The new movie “The Intern” stars Robert De Niro as a seasoned citizen who joins an e-commerce company as, yes, an intern. Turns out De Niro’s Ben Whittaker has something to offer virtually everyone in the office. It’s a heartfelt ode to a generation often cast aside in our culture.
Matt is the personification of so many dads I’ve met over the last few years, particularly those gathered over the weekend in Raleigh for the annual At Home Dads Convention. They’re willing to take on full-time parenting, no questions asked, and they’re crushing it. These dads are smart, driven and focused on being the best parents possible. And they’re also a mite touchy when our culture suggests it’s women’s work to stay home with the children. It’s hard to blame them given their sacrifices and dedication.
What’s depressing about “The Intern” is both Matt’s story arc and the critical reaction to his character.
Roughly two-thirds into the movie we learn that Matt is having an affair. Suddenly, this progressive father isn’t all he appears to be. In fact, it’s clear he feels disconnected with his wife and, rather than do all he can to reclaim their bond, he steps out on their marriage. How … 1978.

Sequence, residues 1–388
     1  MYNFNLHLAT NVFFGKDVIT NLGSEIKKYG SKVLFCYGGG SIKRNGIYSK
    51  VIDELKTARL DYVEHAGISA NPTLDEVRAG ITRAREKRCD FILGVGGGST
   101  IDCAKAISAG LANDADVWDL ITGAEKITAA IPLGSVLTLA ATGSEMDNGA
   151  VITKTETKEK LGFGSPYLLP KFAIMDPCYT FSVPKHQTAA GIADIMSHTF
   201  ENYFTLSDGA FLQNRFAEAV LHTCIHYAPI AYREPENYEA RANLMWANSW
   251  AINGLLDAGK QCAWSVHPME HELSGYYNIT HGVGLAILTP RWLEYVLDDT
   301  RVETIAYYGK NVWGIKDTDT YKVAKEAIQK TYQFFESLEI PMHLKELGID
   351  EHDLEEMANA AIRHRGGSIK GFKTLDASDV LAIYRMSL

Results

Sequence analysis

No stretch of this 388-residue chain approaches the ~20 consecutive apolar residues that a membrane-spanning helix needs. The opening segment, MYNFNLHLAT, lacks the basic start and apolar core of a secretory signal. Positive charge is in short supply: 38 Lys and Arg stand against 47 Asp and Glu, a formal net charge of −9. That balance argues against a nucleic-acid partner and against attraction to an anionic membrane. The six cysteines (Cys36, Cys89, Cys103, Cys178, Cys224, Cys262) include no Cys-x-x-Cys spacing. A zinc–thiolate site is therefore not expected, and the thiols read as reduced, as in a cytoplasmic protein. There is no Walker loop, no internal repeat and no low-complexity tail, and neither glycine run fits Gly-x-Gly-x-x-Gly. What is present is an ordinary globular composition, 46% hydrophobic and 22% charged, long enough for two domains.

Now that affair certainly adds drama to the film’s third act. It also speaks to the stereotype that a stay-at-home dad doesn’t think his job is important enough. He needs … something more, and it doesn’t come from under their roof.
It’s rare to see a stay-at-home dad given so much attention on screen. The lackluster reality show “Modern Dads” tried to give these fathers their well-deserved close-up. The show only lasted a season. So we finally see a truly modern dad on screen, and he’s far from the role model type.
What’s equally interesting is how some film critics are assessing Matt’s character. One dubbed Matt “emasculated.” Another, from L.A. Weekly, hit the same discordant note:
As if that weren’t enough, her seemingly awesome but also undeniably emasculated stay-at-home-dad husband (Anders Holm) may not be staying at home as much as she thinks.
Hmm. Are critics responding to what’s on screen, or are they projecting what they feel about fathers who stay home to watch their children while Mommy goes off to work?
How about it, Dads? Have you seen “The Intern?” Are the critics right … or is this simply one character in a sea of Hollywood stories?